Dental: Billing & Accounts Receivable
With excellent patient care the top priority in today's dentistry practices, industry analysts point out that invoicing and accounts receivable practices just don't get enough attention.
Billing and accounts receivable functions work hand in hand. To keep the receivable column lean, billing systems must be consistent and on the mark. The literature on this subject abounds, and the following strategies represent some of the best the experts have to offer.
Tame the Receivables Column
Start by finding out why patients are behind on payments.�In some cases, they may have been unable to cover expensive procedures, such as root canals, bridgework or oral surgery. Once this is resolved, use the following guidelines:
- Be scrupulous in posting receipts.�Record all transactions immediately, even if this means daily attention to the task. Check with responsible personnel frequently to ensure all receivables are posted, including those that fall outside of patient revenues. If staffing is too tight to do this consistently, consider hiring a bookkeeper or accountant.
- Conduct regular in-depth reviews with accounting personnel. For example, it's smart to compare the practice's collection percentage and average collection period to established benchmarks, as well as to review ending A/R reports. This practice allows identification of positive and negative trends.
- Purchase or update accounting software.�The right programs will effectively track billing and receivables, which makes a huge difference in the bottom line. Many easy-to-use products on today's market enable almost any employee to keep accurate records. When implementing a new system, participate in any training or support program the manufacturer offers.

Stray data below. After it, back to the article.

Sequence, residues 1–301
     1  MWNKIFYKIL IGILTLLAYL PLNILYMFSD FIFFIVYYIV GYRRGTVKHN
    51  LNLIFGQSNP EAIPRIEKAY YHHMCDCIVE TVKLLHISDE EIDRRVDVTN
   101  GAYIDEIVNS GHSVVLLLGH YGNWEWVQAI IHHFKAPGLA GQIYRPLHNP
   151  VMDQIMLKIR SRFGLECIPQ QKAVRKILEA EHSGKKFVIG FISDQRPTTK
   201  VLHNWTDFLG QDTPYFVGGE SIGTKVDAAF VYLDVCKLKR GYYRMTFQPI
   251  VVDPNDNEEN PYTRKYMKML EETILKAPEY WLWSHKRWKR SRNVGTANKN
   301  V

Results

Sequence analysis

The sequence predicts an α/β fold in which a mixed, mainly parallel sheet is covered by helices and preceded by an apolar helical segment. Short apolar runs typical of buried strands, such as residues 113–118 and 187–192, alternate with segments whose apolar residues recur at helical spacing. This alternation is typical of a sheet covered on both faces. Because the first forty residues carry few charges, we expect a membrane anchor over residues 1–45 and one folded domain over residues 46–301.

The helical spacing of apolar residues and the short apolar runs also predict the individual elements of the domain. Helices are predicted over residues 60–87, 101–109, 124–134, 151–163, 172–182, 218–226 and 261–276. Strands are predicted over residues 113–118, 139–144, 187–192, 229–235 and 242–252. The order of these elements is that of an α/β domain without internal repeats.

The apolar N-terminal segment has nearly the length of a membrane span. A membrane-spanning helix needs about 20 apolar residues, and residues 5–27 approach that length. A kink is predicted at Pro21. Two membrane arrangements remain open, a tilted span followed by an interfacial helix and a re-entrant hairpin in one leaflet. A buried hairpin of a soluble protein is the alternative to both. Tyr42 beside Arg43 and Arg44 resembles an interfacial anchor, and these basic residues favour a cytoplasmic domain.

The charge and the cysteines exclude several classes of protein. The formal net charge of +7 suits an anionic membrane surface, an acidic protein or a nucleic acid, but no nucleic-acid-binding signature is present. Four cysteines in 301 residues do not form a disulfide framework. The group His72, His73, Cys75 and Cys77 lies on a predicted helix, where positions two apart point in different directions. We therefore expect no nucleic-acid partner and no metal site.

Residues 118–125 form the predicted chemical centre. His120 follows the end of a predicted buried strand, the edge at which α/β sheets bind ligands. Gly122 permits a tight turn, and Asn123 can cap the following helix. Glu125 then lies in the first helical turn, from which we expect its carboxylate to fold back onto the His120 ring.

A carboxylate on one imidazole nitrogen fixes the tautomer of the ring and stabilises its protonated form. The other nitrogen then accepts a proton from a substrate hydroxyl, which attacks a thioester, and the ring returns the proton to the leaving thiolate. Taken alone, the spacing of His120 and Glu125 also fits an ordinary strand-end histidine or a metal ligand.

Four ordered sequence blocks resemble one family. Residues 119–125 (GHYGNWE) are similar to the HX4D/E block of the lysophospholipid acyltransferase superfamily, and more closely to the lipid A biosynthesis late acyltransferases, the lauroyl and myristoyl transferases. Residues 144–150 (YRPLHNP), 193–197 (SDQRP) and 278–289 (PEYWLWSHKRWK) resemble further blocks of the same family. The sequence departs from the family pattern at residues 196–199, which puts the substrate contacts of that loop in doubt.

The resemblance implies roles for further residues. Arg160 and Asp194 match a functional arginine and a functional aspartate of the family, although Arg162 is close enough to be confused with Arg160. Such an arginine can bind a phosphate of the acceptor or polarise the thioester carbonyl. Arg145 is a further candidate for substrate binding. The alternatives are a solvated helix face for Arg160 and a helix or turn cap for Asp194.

Collect What's Owed
An efficient collection system begins by communicating invoice procedures and expectations at the outset.�Instruct personnel at the check-out desk to explain payment terms to the patients�before�they leave the office. After doing this:
- Require immediate payment.�This practice has become almost universal, for good reason. When insurance reimbursement, co-pays and deductibles are in the picture, delayed collection can spawn errors throughout the billing system.
- Establish a consistent invoicing protocol.�Invoices should be complete, with all services dated and itemized. Use a simple format with clear due dates and payment terms. Include contact information should the patient require assistance. Most important, send invoices the same day each month to keep the receivable flow steady.
When an account is delinquent, work with the patient to find a solution. Because providing patient care is the mission of any practice, many dental professionals prefer to arrange some sort of payment plan.
One strategy consists of asking patients to sign an agreement with, for instance, a monthly payment of 10 or 15 percent of the original amount owed. A caution, though: All written and verbal communication concerning this sort of situation should be clear, friendly and non-threatening.
- Fully document, track and back up telephone calls, correspondence�and e-mails attempting to arrange payment on delinquent accounts. This includes a patient's promise - or refusal to pay.
Finally, when nothing else works, get tough.�Sometimes, delinquent patients ignore telephone calls, polite letters and all attempts to resolve the problem for weeks, months and longer. The practice may have no other alternative than to turn matters over to a collection agency.
The procedure for this distasteful chore typically involves flagging offenders as "cash only" patients for subsequent visits, thus allowing them to continue care without further risk to the practice.
If delinquency continues, the practice may give a notice period (10 days, for example) before discontinuing services. When the outstanding sum is significant, small claims court can be an option.
For patients truly in need, however, practitioners may try extending payment terms, especially when the individual is trying to meet obligations.